THIS. The politicians in question didn't bat an eye when it came to publicly condoning anti-Muslim bigotry, fear mongering with all the ridiculous anti-Sharia legislation, and in some cases flat out calling for American Muslims' constitutional rights to be abrogated.

They want to apologize in private? Fine, that's great, but I'm not believing anyone has had a sincere change of heart until they publicly proclaim that they were wrong and make a real effort to undo some of the damage they did.

8 HappyWarrior  Thu, Jan 3, 2013 8:38:49am

re: #7 CuriousLurker

THIS. The politicians in question didn't bat an eye when it came to publicly condoning anti-Muslim bigotry, fear mongering with all the ridiculous anti-Sharia legislation, and in some cases flat out calling for American Muslims' constitutional rights to be abrogated.

They want to apologize in private? Fine, that's great, but I'm not believing anyone has had a sincere change of heart until they publicly proclaim that they were wrong and make a real effort to undo some of the damage they did.

Agree. They basically engage in a witchhunt of American Muslims. I'm glad some of them apologized to Ellison but that's the least they can do.

9 stabby  Thu, Jan 3, 2013 9:38:03am

Now party just has to suppress the granny starving, theocratic, debt-defaulting Tea Party crowd, the granny starving, debt-defaulting Aynn Randbots, the Birchers and other nazi black hating scum and the mad scientist, electrified wand up the vagina, legitimate-rape anti-birth control freaks and they'll have rejoined the human race.

Good luck Republicans, we know you can do it! //

10 Dr Lizardo  Thu, Jan 3, 2013 9:57:26am

re: #9 stabby

Now party just has to suppress the granny starving, theocratic, debt-defaulting Tea Party crowd, the granny starving, debt-defaulting Aynn Randbots, the Birchers and other nazi black hating scum and the mad scientist, electrified wand up the vagina, legitimate-rape anti-birth control freaks and they'll have rejoined the human race.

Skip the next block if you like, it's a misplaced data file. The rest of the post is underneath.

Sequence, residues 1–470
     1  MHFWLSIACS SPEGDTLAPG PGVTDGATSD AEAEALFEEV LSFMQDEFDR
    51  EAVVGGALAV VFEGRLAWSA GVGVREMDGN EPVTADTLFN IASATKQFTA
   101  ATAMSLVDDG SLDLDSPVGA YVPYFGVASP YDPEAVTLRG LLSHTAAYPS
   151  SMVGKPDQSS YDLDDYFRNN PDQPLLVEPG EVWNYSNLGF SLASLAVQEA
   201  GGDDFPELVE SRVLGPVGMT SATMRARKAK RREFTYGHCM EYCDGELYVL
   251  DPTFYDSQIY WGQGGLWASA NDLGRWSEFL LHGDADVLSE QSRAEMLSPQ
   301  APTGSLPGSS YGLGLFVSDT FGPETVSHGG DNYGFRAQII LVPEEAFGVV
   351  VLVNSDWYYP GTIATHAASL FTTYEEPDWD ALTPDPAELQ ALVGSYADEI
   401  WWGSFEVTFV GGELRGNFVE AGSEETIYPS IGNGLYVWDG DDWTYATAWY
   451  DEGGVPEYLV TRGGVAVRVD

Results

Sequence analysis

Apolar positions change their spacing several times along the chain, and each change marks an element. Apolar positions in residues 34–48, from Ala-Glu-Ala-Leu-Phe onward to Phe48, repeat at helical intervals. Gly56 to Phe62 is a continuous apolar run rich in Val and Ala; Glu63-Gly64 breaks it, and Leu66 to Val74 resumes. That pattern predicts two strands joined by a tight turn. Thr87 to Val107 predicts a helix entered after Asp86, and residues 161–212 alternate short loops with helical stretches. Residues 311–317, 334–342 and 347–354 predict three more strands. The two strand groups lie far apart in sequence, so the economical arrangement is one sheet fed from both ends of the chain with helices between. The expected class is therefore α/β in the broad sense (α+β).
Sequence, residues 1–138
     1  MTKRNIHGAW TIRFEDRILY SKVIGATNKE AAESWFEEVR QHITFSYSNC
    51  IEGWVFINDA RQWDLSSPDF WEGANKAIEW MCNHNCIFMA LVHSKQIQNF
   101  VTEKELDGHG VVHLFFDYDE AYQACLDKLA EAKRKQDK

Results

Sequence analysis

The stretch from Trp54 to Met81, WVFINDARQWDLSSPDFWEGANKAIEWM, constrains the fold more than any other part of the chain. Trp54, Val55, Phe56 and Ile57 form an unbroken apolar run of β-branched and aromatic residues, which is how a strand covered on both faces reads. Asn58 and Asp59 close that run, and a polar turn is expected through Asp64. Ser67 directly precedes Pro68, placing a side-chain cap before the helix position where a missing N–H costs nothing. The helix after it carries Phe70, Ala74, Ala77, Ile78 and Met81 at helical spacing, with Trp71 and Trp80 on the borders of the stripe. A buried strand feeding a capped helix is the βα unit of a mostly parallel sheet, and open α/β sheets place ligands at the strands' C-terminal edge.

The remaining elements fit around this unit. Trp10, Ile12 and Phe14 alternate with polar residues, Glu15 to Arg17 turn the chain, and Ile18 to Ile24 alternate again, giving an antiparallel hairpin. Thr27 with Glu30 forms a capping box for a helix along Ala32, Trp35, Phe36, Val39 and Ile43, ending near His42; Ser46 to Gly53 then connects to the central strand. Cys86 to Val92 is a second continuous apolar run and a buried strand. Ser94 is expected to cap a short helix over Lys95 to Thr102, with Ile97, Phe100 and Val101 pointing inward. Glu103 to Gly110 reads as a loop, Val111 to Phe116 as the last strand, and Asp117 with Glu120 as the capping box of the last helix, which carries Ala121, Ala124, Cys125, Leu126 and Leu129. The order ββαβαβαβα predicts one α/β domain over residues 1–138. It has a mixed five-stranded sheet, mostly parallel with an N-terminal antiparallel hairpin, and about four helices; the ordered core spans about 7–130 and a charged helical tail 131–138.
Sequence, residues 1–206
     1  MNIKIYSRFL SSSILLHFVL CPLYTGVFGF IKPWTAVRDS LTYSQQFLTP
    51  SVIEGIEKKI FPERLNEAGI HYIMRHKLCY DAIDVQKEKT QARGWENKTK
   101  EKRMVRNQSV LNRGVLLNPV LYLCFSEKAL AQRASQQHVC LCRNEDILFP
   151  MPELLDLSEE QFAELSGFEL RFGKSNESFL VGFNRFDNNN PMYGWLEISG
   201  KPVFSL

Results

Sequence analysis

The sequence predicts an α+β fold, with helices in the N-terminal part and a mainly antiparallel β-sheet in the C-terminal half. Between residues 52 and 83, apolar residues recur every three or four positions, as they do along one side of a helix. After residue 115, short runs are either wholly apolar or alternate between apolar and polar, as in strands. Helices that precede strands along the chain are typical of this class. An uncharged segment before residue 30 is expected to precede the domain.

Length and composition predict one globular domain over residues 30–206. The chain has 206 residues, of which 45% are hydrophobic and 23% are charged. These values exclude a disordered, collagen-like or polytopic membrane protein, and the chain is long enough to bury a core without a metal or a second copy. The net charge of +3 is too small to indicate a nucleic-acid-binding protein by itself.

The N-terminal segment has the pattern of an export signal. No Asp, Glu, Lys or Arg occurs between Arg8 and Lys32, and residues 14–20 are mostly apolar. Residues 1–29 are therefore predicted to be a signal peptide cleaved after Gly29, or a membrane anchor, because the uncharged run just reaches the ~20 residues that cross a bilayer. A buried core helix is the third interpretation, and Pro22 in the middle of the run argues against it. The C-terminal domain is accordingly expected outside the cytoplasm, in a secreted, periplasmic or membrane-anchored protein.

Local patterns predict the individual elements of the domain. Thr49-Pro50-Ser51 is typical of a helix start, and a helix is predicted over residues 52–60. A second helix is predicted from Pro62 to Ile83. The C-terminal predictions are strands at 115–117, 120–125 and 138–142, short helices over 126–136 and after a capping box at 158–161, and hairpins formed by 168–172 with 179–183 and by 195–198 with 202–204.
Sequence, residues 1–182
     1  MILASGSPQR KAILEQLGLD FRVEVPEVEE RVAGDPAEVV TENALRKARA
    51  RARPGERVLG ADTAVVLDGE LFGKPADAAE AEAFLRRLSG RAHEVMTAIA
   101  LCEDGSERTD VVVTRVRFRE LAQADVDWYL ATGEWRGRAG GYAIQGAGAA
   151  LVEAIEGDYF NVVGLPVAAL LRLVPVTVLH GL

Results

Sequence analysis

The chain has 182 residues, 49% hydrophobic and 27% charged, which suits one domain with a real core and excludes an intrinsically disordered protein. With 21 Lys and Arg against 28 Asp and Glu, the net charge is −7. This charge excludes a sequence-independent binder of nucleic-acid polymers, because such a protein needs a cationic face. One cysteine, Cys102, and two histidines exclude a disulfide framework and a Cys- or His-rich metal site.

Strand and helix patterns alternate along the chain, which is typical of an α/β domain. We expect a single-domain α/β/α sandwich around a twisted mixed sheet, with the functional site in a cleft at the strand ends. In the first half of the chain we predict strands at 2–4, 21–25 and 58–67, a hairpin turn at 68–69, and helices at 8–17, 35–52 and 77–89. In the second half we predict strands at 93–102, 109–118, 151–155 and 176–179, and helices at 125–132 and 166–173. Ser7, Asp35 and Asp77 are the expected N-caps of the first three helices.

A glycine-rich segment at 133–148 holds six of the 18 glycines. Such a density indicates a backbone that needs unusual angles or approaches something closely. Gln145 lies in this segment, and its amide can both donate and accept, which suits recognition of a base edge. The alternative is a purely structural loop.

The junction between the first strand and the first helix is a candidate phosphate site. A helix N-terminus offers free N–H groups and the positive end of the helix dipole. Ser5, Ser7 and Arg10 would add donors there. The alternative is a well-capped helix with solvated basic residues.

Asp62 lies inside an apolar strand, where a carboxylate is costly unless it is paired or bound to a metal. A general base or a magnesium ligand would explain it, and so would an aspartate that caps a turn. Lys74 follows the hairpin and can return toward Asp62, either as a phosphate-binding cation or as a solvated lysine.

Good luck Republicans, we know you can do it! //

If they suppress that many folks, your average Republican wouldn't even be able to get elected as municipal dog-catcher. You've just listed a good 75% of the GOP base.

11 moderatelyradicalliberal  Thu, Jan 3, 2013 1:03:08pm

re: #7 CuriousLurker

THIS. The politicians in question didn't bat an eye when it came to publicly condoning anti-Muslim bigotry, fear mongering with all the ridiculous anti-Sharia legislation, and in some cases flat out calling for American Muslims' constitutional rights to be abrogated.

They want to apologize in private? Fine, that's great, but I'm not believing anyone has had a sincere change of heart until they publicly proclaim that they were wrong and make a real effort to undo some of the damage they did.

What use of bigotry for votes has the GOP ever apologized for in public? They still owe an apology for the Southern Strategy.

12 CuriousLurker  Thu, Jan 3, 2013 1:06:17pm

re: #11 moderatelyradicalliberal

What use of bigotry for votes has the GOP ever apologized for in public? They still owe an apology for the Southern Strategy.

True that.

13 HappyWarrior  Thu, Jan 3, 2013 1:16:33pm

re: #11 moderatelyradicalliberal

What use of bigotry for votes has the GOP ever apologized for in public? They still owe an apology for the Southern Strategy.

I actually do remember Ken Mehlman sort of apologizing for that but then as you probably recall Limbaugh got pissed. It really is pathetic.We're going to hear years from now that the GOP candidates by and large didn't give two shits about gays marrying and having equal rights but they did it anyhow. To me frankly that's a greater sin than the sincere bigotry.